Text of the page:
The CIC trophy was coming back to the Naval Academy for a record 13th time after a two-year stint at Air Force. Before Navy started its 11-game winning streak, the longest one in the series, started in 1890, was only five games for either team.  The Midshipmen gathered at midfield and posed with the trophy while their classmates in the stands celebrated the win.  This one was the toughest victory yet during the streak.  It's about not letting your brothers down, Turner said. This is the best I've ever felt after winning a football game.  Late in the third, Army's James Kelly stripped the ball and linebacker Alex Meier recovered to give the Black Knights the ball at Navy's 37. Eric Osteen kicked a 21-yard field goal 10 plays later for a 13-10 lead.  Osteen, however, was wide left on a 37-yard attempt with 6:57 left in the game.  Navy made them pay on Reynolds' score. The Midshipmen now lead the series 57-49-7.  It's hard to do, Niumatalolo said. It's hard to beat anybody in a rivalry game, but to do it that long just speaks volumes about the guys in the white jerseys.  Navy not only won 10 straight, but pretty much dominated the Black Knights, winning games in 2007 and 2008 by a combined 74-3 score.  Navy's 27-21 win last season was the tightest margin since the winning streak started. Last year was just a start at nudging closer toward ending the winning streak.  After a scoreless first quarter, Army and Navy swapped rushing TDs in the second. Navy fullback Noah Copeland plowed straight up the middle for a 12-yard score. Steelman matched him with an 11-yarder for his program-tying 17th TD run of the season, then saluted the cadets after the score.  Carlton Jones had 17 rushing touchdowns in 2004.  Nick Sloan put Navy up 10-7 with a 31-yard field goal.  Then came the ugly—yet, so sweet—kick for Army that send the game into halftime tied at 10. Navy twice tried to freeze Osteen with consecutive timeouts. They didn't work. There was a high snap, a line drive kick, a glance off the upright and—good! Osteen's 41-yarder as time expired had the cadets rocking the Linc.  The fun wouldn't last and it was just the latest loss for the Black Knights.  I feel like we deserved that game in every way possible but it just didn't happen, Steelman said. We were wearing them down and there was nothing that was going to stop us. But that's life.  There's more football left for Navy after Saturday's tradition-filled spectacle. The Midshipmen play Arizona State in the Fight Hunger Bowl on Dec. 29 in San Francisco.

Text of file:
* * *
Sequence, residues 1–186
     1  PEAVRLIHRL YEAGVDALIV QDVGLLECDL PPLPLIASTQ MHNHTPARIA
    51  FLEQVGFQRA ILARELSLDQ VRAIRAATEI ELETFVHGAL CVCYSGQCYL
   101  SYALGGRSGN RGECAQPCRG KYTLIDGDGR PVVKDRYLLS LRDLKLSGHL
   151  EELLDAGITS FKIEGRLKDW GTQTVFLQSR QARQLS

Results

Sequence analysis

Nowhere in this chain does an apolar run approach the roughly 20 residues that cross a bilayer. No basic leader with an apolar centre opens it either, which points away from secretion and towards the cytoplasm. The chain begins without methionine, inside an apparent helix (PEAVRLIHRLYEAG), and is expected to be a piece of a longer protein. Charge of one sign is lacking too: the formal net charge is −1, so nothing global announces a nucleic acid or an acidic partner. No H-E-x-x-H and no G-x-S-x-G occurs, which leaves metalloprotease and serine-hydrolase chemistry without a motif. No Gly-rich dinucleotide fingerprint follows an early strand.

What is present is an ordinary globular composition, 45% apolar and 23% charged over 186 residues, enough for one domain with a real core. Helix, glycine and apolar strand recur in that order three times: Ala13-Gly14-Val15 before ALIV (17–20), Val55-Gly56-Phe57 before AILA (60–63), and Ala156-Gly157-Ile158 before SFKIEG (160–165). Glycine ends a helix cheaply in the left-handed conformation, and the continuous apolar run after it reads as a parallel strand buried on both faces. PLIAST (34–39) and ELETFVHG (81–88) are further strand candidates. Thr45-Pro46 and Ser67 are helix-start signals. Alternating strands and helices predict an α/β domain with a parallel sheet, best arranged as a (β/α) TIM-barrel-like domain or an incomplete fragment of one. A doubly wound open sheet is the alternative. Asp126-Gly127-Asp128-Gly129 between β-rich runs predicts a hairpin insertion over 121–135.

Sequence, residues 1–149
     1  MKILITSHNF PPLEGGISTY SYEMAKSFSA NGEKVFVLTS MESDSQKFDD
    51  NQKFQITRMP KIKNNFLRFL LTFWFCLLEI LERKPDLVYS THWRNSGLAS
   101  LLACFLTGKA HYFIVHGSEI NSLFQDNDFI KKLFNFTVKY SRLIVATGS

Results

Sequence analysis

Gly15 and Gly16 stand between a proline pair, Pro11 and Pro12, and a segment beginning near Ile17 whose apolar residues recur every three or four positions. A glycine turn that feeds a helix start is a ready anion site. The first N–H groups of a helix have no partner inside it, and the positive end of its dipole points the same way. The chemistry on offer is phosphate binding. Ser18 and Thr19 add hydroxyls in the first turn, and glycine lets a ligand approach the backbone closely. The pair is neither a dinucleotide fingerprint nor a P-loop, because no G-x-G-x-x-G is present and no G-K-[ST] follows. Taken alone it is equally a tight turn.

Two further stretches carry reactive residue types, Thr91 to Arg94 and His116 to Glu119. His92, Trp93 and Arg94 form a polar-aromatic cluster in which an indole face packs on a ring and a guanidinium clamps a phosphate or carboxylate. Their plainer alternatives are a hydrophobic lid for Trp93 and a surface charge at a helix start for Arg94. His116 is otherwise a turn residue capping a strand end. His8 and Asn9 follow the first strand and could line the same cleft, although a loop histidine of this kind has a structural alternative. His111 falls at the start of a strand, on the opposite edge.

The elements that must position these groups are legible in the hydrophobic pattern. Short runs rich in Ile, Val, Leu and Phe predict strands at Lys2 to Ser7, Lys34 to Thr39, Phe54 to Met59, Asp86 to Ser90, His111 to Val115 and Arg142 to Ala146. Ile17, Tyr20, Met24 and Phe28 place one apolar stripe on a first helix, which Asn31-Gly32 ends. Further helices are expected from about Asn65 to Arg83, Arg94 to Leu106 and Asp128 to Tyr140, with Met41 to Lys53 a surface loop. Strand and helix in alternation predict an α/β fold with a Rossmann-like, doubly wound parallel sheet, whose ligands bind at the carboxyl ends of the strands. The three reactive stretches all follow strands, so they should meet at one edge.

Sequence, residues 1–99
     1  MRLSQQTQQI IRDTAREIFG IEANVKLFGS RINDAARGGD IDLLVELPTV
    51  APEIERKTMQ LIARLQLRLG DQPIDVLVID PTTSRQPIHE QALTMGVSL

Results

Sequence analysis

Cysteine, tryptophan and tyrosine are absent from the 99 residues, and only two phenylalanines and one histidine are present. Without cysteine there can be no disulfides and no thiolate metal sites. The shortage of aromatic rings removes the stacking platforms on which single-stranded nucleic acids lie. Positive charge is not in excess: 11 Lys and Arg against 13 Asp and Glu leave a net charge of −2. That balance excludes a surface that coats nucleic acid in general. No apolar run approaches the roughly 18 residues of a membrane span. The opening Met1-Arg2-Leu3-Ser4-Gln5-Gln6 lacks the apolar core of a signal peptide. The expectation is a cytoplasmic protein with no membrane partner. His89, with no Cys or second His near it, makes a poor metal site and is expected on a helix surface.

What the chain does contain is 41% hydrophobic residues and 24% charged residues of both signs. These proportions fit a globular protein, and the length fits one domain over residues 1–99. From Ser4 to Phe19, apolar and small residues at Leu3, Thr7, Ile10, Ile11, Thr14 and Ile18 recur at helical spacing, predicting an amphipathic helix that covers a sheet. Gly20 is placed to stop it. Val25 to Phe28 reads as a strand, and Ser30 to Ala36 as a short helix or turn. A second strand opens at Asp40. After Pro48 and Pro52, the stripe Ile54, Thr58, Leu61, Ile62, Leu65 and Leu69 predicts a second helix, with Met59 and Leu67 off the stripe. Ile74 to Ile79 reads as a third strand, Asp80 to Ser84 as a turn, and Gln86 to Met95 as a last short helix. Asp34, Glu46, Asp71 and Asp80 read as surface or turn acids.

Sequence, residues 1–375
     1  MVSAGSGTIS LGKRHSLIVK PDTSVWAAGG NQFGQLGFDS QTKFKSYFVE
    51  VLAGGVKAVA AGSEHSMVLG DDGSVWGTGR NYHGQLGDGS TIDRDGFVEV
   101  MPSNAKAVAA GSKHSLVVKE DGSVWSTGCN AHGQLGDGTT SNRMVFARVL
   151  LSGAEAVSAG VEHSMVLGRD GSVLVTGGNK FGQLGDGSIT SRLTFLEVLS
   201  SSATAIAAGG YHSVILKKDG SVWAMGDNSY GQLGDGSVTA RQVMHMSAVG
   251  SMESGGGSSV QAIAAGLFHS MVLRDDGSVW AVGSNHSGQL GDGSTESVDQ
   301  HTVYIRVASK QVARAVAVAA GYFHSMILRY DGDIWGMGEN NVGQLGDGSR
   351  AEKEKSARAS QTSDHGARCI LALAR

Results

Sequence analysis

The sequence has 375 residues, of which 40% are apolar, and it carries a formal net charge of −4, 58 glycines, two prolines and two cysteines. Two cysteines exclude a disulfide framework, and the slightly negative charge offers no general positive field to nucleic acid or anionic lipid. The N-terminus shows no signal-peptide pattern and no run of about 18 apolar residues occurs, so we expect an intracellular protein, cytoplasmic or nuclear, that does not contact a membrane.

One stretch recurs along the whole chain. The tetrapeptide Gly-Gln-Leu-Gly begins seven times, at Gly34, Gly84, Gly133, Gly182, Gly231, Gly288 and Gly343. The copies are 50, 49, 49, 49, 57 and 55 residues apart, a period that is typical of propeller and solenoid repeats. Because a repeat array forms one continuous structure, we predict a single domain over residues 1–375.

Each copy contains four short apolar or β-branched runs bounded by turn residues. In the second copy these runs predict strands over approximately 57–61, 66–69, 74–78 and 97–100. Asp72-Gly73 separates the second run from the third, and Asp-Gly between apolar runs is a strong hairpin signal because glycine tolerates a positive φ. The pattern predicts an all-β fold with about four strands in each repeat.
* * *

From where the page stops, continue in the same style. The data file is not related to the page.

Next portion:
With cadets and midshipmen standing, bouncing and cheering on a gloomy day, it was clear how much the centuries-old rivalry means to both sides.  Biden handed off coin flipping duties to a referee before the game and made the traditional switch from the Navy side to the Army side at halftime. Team highlights were played to Gonna Fly Now. Billed as America's Game, the hours before kickoff were highlighted by the Army Corps of Cadets and the Brigade of Midshipmen march onto the field. The cadet glee club performed the national anthem.  Cadets even brought one of those oversized goofy cutouts of Biden's head to show off during the game.  There were reminders all around the Linc, full and with a festive vibe for a rare time this football season, that this was no ordinary game. Forget the kiss cam during timeouts. Purple Hearts and Distinguished Service Cross awards were presented.  Low clouds wiped out the parachute jumps.  The Midshipmen played with Rafi stickers on the back of their helmets as a salute to injured third-string quarterback Ralph Montalvo. Montalvo remained in a medically-induced coma after he was critically injured in a car accident near his home on Thanksgiving night.  Montalvo was scheduled to travel to Philadelphia and dress for the Army-Navy game before the accident. The Naval Academy had shipped his game jersey to his parents and it will be waiting for him.

2016 Army vs Navy - M&T Bank Stadium - Baltimore, Maryland {Army 21 Navy 17}